Rahul Bose is just ok as Joydeep and if the lines in the film are stilted, it shows up most when he speaks them. Shefali Shah plays his wife Lakshmi, and the script spends as many as twenty minutes letting us into her mind, contrasting her self-absorbed, insecure and rather trite preoccupations with the numerous layers that Meethi is buried under.

Can't talk about a movie and not talk about clothes and accessories when they're there to be talked about. Ms Azmi's 'look', superb. She wears the loveliest clothes and jewellery and that pink-red bag is to die for! As all of us who love psychobabble know, grooming is a very essential way of interacting with our world and its people. If you're dressing up, things can't be that bad, or you won't let them be. It's about making the most of things and that's what I loved about this character: she's a survivor.

Wednesday, January 04, 2006


"And with joy the stars perform their shining,
And the sea its long moon-silver'd roll;
For self-poised they live, nor pine with noting
All the fever of some differing soul.”

"Bounded by themselves, and unregardful
In what state God's other works may be,
In their own tasks all their powers pouring,
These attain the mighty life you see."

Matthew Arnold

Sunday, January 01, 2006

Uttaranchal: Mixed Bag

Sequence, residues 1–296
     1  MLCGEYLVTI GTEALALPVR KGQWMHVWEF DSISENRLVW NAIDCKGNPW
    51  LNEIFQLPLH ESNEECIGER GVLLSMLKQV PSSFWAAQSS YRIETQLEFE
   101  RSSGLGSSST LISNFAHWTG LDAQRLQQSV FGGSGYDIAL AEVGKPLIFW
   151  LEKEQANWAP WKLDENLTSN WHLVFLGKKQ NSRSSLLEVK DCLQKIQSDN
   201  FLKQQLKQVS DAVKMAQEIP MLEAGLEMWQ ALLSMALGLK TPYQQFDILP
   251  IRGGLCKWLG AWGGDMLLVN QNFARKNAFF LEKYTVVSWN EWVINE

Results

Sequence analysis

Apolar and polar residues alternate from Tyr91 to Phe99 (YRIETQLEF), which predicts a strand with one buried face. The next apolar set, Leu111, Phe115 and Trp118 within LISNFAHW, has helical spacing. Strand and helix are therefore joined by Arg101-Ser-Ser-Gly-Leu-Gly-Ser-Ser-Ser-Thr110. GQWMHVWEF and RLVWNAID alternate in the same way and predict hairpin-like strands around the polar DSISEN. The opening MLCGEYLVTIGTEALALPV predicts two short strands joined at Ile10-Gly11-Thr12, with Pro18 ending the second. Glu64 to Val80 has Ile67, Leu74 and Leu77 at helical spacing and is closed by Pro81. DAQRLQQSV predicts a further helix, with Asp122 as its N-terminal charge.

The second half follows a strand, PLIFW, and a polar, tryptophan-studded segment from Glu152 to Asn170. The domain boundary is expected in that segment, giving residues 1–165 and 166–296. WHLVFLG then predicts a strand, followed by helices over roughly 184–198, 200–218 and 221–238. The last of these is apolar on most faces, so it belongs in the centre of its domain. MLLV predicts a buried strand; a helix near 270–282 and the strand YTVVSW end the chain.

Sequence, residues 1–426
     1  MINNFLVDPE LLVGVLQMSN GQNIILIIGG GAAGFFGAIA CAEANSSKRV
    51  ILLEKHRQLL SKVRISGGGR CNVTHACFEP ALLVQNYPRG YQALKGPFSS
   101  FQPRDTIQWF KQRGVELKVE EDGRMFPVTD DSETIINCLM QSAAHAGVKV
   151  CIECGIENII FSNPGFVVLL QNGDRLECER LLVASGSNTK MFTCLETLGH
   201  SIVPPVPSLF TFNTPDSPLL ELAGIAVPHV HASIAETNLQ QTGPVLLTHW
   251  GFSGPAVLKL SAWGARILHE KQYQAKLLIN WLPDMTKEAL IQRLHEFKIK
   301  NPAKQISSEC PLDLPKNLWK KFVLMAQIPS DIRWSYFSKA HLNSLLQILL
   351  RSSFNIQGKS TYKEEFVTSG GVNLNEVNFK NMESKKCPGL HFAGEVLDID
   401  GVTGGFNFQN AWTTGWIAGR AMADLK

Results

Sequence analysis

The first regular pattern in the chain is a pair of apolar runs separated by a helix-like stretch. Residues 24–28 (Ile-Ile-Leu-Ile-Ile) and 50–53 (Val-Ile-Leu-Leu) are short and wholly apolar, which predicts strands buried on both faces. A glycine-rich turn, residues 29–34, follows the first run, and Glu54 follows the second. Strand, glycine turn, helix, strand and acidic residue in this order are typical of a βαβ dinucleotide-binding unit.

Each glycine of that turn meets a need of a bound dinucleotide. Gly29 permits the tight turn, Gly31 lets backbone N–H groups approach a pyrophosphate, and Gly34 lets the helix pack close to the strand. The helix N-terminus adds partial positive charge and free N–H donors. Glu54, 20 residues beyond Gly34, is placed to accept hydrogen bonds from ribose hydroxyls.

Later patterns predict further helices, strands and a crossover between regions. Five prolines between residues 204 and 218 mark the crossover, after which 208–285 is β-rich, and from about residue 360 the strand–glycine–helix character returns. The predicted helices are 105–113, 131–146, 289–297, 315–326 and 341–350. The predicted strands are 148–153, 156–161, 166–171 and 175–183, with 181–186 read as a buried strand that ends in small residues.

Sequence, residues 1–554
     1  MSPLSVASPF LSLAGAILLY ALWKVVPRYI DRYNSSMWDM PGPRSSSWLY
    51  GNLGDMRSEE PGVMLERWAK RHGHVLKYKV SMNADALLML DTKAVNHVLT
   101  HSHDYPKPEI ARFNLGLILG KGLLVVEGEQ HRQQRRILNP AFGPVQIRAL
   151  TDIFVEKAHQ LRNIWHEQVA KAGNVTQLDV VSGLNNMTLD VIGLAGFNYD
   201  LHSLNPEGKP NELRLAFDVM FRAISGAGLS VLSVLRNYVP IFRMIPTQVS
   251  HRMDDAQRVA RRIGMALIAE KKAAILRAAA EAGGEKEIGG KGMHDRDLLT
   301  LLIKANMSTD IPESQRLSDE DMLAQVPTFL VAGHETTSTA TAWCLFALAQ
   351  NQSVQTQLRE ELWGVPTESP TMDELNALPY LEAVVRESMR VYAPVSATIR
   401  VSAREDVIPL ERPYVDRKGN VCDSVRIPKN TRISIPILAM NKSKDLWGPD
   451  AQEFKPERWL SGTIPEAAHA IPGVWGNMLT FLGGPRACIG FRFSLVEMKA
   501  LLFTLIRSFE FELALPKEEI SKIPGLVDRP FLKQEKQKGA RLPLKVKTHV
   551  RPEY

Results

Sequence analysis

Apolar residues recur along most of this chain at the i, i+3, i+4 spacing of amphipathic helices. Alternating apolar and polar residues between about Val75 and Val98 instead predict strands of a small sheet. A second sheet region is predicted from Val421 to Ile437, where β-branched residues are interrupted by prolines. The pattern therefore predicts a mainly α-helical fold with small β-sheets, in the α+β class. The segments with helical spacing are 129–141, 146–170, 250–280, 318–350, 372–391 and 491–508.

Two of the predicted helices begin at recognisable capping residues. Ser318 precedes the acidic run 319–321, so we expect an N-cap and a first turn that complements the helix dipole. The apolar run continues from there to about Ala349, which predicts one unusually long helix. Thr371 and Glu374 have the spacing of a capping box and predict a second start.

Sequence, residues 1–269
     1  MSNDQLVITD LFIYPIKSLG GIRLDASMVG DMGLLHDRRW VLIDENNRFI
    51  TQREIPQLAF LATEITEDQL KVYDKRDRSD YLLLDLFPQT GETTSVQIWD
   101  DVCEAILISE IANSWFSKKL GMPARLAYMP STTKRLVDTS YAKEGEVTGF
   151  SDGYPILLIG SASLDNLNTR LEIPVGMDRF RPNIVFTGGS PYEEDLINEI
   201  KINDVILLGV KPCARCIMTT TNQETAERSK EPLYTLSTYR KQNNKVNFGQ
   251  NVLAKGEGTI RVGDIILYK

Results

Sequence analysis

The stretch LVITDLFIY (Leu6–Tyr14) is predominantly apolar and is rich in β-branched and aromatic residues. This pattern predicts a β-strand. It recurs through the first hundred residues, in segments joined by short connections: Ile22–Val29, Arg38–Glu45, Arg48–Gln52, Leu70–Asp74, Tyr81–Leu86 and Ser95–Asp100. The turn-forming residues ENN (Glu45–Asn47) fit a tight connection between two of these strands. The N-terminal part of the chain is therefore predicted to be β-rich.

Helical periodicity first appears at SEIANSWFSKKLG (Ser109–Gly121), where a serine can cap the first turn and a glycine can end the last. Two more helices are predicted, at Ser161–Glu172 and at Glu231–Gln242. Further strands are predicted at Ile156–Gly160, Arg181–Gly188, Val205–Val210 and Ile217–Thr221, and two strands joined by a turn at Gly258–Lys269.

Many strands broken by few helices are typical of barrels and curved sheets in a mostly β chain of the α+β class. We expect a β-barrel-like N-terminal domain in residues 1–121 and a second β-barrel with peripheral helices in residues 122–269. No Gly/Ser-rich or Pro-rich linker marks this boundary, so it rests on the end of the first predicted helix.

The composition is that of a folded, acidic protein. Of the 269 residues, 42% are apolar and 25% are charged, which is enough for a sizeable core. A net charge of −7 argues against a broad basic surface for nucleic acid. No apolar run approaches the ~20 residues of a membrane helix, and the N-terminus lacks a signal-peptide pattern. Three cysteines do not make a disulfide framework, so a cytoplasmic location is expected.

Many many nice things on the Dehra trip. Not many birds species wise but fun all around – great company, great sights.

My first tactile experience of snow, and my first snow fight.

My first sighting of the leopard (Panthera pardus). At Chilla, Rajaji National Park. Arjun spotted it as it crossed the road just ahead of our convoy and sprang away. About 20 yards from us, the panther stopped. Seemed as interested in us as we were in him, turned round to stare at us, and then disappeared into the yellow grass. Shweta’s binocs give her 16x and she got a good look at the rosettes. We couldn’t stop grinning for hours.

Four mongooses, huddled in one big mass, trundling away.

My first niltava, yellow bellied prinia, and plumbeous water redstart. Four vultures in all and Pallas’ fishing eagle.

My first view of the Ganga at Haridwar. Ganga is so much in our lore, so many stories, so much music, so much reverence. I’d heard so many versions of the Gangavatarana, so many composers interpreting the story of her appearance on earth, her descent from the mountains. On the other hand, reports of pollution, corpses and water that could make you sick as a dog.
It helped perhaps that I saw her in Haridwar, closer to the source than further down in Allahabad or Varanasi. She’s clean here, sparkling, vast and energetic, and my heart expanded at the sight of her. You can see at once why they call her Mother; there is a strong sense of giving, nourishing. We rushed to see the Ganga aarti in the evening – I can’t do justice, so I won’t try
but we were lucky, very blessed to have caught it.

Three fabulous bonfires, some really nice people, dumb charades non stop on the train journeys, and lots of food.

Downside: couldn’t meet Nishu in Delhi, but the Okhla sanctuary added greatly to our bird list, so that makes it somewhat ok. Next time, Nish, promise.

Kaiku to bhi